SAN DIEGO — Local controversy over marijuana dispensaries opening near churches took a new turn recently, when a man proposing a dispensary in Rancho Bernardo built a large fence on the property to create a longer walking distance between the business and the church — hoping to allow the dispensary under city rules.
Dispensaries can’t open within 1,000 feet of churches, parks, schools and other “sensitive uses” under city rules. But the 1,000 feet is measured by “path of travel” instead of a straight line, so the fence could make a key difference.
City leaders shifted from straight-line measurements to path-of-travel in 2016 in cases where a freeway or some other barrier impeded direct physical access to the proposed dispensary.
Because it’s not clear whether the fence qualifies as such a barrier under the city’s arguably vague revised standard, city officials are proposing some additional revisions for greater clarity.
Marijuana industry leaders support the proposed revisions, but leaders of the church in Rancho Bernardo — Hope United Methodist — and other residents say the changes would prioritize marijuana profits over public safety.
The revisions would shift the measuring standard from “path of travel” to “legal pedestrian path of travel,” potentially allowing a dispensary to open across the street from a sensitive use.
That’s because a pedestrian would be required to walk from a dispensary to the nearest intersection to legally cross the street, and then walk the same distance on the other side of the street to a sensitive use.
Hope United Methodist officials strongly object to such a change, which they believe would allow the proposed Rancho Bernardo dispensary to qualify under city regulations.
“Public safety shouldn’t be compromised for any reason, and especially not for economic gain,” Jennifer Nino, an attorney on Hope United’s board, told the planning commission last month.
Church officials also say that allowing the fence to count as a barrier would violate the spirit of San Diego’s regulations, because it was erected specifically with those rules in mind.
There are no dispensaries in Rancho Bernardo or anywhere else in San Diego’s Council District 5, which also includes Rancho Penasquitos and Scripps Ranch. Each of the city’s eight other council districts has at least one dispensary.
But shortly after the former site of an El Torito restaurant in Rancho Bernardo was sold last year, the new property owner erected a fence to block a private sidewalk that connects the property to nearby businesses and the church.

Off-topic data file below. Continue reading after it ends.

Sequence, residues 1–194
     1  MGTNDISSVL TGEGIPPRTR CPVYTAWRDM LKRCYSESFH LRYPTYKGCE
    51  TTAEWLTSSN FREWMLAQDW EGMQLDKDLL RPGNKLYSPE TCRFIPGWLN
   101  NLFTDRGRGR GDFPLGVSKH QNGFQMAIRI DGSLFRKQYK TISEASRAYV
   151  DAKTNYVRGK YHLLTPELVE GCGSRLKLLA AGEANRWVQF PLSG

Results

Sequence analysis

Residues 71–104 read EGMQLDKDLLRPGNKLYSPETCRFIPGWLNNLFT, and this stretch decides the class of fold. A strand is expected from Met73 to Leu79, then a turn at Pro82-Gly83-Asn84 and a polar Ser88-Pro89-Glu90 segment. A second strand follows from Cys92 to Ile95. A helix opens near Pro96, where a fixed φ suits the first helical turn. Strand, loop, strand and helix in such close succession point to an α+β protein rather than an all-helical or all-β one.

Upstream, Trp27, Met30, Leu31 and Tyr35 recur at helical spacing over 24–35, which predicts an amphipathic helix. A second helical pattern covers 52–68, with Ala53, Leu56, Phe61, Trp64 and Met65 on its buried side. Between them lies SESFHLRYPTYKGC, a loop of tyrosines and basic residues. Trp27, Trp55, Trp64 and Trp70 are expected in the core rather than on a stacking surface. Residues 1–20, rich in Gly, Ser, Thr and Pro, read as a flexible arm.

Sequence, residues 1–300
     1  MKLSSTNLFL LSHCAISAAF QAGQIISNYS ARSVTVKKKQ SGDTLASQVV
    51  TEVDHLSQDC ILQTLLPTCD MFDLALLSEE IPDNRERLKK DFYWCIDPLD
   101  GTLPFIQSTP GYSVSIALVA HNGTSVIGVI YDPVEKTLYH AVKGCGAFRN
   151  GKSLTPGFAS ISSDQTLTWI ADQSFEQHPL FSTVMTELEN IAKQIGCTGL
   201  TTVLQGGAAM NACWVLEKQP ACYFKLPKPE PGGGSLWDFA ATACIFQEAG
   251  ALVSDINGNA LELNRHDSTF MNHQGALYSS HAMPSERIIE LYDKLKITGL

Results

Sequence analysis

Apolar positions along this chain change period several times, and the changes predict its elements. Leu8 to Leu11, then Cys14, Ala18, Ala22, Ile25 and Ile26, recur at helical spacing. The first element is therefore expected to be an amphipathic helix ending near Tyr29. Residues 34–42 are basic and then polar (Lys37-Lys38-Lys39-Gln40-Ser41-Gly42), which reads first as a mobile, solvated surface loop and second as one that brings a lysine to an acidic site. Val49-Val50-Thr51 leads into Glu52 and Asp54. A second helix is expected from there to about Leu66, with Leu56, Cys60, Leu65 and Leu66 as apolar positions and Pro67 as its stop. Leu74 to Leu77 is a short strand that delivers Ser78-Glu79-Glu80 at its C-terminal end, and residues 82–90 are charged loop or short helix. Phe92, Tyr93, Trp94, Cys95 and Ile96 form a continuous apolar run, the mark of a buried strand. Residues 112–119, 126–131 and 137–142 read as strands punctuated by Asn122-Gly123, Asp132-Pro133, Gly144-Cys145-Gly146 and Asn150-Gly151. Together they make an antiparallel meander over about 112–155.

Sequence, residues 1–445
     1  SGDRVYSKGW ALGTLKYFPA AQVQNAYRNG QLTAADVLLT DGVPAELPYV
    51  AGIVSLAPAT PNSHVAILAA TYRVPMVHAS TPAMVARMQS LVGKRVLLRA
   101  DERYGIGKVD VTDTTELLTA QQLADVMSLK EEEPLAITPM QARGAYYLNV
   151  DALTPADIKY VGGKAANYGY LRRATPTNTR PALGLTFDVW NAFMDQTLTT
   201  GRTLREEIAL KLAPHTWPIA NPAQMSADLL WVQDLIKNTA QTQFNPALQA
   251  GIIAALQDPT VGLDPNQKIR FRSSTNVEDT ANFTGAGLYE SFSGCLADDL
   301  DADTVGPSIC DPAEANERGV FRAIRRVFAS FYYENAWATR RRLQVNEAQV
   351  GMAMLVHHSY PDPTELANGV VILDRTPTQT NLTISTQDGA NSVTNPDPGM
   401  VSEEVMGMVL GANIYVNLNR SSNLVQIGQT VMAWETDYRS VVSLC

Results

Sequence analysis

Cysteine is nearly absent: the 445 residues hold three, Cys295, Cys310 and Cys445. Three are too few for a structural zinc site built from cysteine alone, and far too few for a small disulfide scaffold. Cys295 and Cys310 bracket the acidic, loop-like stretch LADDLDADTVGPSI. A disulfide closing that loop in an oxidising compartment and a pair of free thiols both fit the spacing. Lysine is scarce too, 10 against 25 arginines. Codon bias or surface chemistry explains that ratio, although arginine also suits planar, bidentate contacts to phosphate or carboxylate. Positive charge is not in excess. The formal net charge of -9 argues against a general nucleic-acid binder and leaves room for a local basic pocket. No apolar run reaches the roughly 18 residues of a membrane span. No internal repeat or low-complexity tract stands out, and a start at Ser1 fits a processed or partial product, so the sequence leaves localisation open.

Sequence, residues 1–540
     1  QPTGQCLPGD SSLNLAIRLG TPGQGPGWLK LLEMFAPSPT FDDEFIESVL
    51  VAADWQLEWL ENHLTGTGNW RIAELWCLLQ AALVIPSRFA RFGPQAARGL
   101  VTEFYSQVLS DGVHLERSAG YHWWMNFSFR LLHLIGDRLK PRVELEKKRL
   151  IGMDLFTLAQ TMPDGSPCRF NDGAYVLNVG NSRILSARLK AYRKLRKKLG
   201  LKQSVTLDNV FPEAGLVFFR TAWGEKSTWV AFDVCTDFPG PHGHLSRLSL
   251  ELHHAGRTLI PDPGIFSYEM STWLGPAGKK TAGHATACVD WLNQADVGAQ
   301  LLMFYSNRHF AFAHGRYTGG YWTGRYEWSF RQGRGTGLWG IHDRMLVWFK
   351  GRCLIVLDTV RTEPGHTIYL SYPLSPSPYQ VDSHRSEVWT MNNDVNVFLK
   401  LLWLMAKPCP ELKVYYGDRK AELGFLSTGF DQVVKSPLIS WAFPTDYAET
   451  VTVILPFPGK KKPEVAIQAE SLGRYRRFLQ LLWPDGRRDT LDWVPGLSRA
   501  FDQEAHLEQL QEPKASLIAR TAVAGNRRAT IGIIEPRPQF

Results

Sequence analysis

The fence, which is 6 feet tall and about 65 feet long, increased the path of travel from the proposed dispensary to the church from about 985 feet to about 1,040 feet.
Building such a fence is not illegal and doesn’t violate the spirit of the city’s rules, said Phil Rath, a marijuana industry leader who is representing Willie Senn, the man proposing the Rancho Bernardo dispensary.
“The wall is impeding the sensitive-use traffic the city’s rules are trying to prevent,” Rath said by phone.
Rath also said the outcry in Rancho Bernardo is unwarranted, contending the risks of operating near a dispensary have been exaggerated and that there has been too much focus on the 1,000-foot standard.
“There is not a magical difference when it comes to 1,000 feet versus 1,020 feet,” he said. “It’s just a standard we use.”
Hope United officials say, however, that many dispensary customers will exit the site through a driveway right next to the church. In addition, they say customers might smoke the marijuana they’ve just bought in a parking lot at the site.
When asked about the public outcry, Rath said he thinks there are many marijuana dispensary supporters who haven’t expressed their opinions on the proposal.
The fence erected in Rancho Bernardo comes after several other dispensaries have been approved despite close proximity to churches.
In some cases, the approvals came because of the rule enacted in 2016 that allowed shorter distances than 1,000 feet if there was a physical barrier like a freeway or flood control channel.
In other cases, approvals were granted because the marijuana businesses discovered the church did not have proper building permits, was illegally located in a flood plain or was violating some other city rule.